On Fri, Nov 16, 2001 at 01:34:06PM -0600, email@example.com wrote:
> Hey, Ben. Was wondering what you thought about us changing the commit
> crawler so that mined information from the working copy first, storing
> relavent bits in some applicable in-memory data structure and locking
> dirs and such, then blew through that data structure to perform the
> actual commit.
Eek. That blows away all concept of streamy. -1
I would suggest writing a crawler, much like Python's os.path.walk(). It
crawls over the disk and calls a callback for each entry. You can then use
different callbacks for status, for committing, for updating, whatever.
The walker would take several flags:
* include unversioned items
* include versioned items missing from the WC
* include .svn files (a raw filesystem walk; overrides the above two)
* callback for dirs in a prefix manner
* callback for dirs in a postfix manner
Define a single, simple item structure that has just enough information such
that a callback can use it to get any further data. I would imagine this
structure would have a pointer to the "versioning" data. For some of the
walk types, you're going to open the .svn/entries file. That data would go
into item->vsn_info. For a raw filesystem walk, or for unversioned items,
that pointer would be NULL.
(and a simple function call would fill in vsn_info for a given item since
that item structure has enough info to "get back" to the right spot to fetch
the necesssary data)
(the different on prefix vs postfix on dirs: consider a copy-tree function
wants dirs in a prefix so it can mkdir; deleteing a tree wants dirs postfix
so it can rmdir after the dir is empty)
> Reason I ask is that I'd like to recycle alot of the logic in that
> commit process, but for working-copy-free commits (like `svn cp' is
> soon to do).
"svn cp" for two URLs would entirely skip all this gobbledy gook. I don't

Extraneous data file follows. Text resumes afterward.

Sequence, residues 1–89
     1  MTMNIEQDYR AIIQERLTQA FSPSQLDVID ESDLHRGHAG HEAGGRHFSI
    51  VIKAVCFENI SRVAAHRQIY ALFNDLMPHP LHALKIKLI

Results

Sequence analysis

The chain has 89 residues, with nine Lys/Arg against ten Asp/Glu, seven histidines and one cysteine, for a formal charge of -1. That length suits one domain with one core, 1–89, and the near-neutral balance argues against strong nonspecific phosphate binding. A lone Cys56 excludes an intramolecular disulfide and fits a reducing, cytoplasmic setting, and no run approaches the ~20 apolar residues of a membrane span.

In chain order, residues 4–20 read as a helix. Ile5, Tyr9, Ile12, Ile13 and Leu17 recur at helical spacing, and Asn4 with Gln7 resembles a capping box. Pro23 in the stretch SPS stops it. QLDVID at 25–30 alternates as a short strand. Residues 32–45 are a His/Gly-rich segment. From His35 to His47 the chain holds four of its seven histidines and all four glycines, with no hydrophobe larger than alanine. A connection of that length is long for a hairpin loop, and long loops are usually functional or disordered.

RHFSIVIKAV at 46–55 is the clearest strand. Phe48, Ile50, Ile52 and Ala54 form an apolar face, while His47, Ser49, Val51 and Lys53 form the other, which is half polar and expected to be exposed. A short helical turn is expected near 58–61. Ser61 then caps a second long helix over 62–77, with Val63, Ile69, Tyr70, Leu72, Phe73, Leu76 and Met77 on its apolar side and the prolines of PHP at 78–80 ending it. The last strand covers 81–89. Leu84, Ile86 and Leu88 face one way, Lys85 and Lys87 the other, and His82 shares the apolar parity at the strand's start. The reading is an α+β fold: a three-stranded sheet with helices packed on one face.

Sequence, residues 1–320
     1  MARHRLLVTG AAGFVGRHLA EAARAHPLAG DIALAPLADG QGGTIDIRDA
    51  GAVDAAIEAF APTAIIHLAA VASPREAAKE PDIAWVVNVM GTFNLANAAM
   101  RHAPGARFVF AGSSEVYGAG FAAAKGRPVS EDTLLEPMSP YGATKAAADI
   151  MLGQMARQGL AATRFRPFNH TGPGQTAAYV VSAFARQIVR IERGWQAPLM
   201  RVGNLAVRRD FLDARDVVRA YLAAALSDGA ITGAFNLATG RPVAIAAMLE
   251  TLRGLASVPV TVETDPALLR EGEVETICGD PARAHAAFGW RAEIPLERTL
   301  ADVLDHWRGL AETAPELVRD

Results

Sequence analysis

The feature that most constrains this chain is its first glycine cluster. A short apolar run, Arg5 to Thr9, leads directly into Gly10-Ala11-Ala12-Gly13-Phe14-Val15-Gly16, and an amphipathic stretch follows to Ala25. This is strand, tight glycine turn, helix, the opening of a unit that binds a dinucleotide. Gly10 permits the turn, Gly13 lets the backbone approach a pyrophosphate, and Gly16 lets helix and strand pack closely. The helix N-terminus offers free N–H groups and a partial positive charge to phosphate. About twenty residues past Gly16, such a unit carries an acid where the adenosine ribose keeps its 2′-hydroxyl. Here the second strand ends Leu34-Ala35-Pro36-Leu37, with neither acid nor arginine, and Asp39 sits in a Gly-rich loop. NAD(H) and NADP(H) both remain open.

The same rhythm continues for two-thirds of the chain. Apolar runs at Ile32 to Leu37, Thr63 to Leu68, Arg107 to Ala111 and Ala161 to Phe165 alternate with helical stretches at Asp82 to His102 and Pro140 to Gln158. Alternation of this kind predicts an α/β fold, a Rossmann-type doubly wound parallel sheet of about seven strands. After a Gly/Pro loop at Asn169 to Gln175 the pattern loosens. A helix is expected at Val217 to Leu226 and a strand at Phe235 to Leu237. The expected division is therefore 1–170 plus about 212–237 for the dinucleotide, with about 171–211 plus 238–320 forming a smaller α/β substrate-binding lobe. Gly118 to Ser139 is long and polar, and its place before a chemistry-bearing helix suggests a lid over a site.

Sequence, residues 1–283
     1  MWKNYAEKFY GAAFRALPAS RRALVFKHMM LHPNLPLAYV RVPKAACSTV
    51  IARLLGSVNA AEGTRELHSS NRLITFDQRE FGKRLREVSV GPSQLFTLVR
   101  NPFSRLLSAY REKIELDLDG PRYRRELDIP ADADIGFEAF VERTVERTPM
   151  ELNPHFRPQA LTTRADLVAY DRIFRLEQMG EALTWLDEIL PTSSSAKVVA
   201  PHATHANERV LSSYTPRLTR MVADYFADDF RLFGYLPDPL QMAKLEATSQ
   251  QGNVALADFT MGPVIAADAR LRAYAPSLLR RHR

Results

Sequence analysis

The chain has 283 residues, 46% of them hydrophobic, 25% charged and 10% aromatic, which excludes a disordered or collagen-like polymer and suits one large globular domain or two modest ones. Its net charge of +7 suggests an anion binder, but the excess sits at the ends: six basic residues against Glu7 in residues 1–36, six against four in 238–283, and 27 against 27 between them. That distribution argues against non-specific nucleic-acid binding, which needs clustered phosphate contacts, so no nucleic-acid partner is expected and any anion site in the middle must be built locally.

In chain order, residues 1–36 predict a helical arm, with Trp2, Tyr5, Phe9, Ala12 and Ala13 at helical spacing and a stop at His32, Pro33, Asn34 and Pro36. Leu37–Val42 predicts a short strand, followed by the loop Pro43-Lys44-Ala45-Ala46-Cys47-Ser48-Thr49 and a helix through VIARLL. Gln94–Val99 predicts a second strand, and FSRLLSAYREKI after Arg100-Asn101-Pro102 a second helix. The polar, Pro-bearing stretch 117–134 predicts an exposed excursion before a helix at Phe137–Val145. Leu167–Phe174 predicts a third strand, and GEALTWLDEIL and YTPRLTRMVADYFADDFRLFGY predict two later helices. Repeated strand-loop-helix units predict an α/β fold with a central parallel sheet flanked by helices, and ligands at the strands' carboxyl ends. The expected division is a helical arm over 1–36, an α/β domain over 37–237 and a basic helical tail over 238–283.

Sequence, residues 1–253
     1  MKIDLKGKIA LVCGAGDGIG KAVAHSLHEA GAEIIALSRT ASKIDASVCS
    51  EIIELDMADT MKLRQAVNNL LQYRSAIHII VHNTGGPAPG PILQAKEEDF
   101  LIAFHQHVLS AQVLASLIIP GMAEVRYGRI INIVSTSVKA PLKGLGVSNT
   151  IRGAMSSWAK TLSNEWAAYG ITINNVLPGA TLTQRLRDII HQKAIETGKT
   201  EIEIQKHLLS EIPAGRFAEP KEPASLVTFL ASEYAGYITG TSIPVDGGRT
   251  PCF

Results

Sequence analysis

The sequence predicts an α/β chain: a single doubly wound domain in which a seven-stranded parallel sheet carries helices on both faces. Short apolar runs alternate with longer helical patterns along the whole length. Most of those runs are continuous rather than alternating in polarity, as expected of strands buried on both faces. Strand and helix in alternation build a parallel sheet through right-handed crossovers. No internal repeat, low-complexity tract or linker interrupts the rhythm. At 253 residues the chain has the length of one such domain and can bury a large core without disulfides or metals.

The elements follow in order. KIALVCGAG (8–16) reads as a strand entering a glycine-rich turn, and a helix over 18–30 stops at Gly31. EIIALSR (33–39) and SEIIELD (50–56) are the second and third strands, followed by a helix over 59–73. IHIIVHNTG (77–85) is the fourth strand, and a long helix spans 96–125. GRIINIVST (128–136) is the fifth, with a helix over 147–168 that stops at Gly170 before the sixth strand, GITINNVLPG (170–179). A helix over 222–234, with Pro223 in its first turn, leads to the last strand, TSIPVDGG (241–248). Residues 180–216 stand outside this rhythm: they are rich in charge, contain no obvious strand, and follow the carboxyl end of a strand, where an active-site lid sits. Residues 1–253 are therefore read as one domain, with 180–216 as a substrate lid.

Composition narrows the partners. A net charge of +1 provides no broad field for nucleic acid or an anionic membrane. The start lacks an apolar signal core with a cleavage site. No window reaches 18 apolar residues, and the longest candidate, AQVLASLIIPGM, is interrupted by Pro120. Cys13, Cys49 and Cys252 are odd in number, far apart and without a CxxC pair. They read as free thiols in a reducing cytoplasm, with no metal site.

think you'd use any common routines at all for it. Seems like it would be a
manual sequence of calls into the commit editor, just like you posted in
copy-planz. There isn't any reason to build up a Thing just to execute four
calls which you *know* ahead of time. In fact, you're building the Thing so
that it happens to result in precisely those calls. Skip the whole
intermediate process of a Thing and keep it simple.
> Plus, I think it would help the commit crawler not be such a mess, to
> seperate the local-mod search from the commit process itself.
Agreed. See above. Note that the recent "copy the filesystem" walker as part
of the wc->wc copy could be tossed in favor of the walk() function and a
callback to copy a file/dir.
(I noticed that the code to do the copy was effectively duplicating the
other filesystem traversal stuff in the WC; no sense duplicating a basic
function everywhere, leading to possible divergence and maintenance issues)
Anyway... separate the filesystem traversal out of the various WC bits will
help quite a bit. I think there are numerous subtle benefits that are going
to pop up after this change. A nice little dividing line between filesystem
data/representation and control will be established.
Greg Stein, http://www.lyra.org/
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Received on Sat Oct 21 14:36:48 2006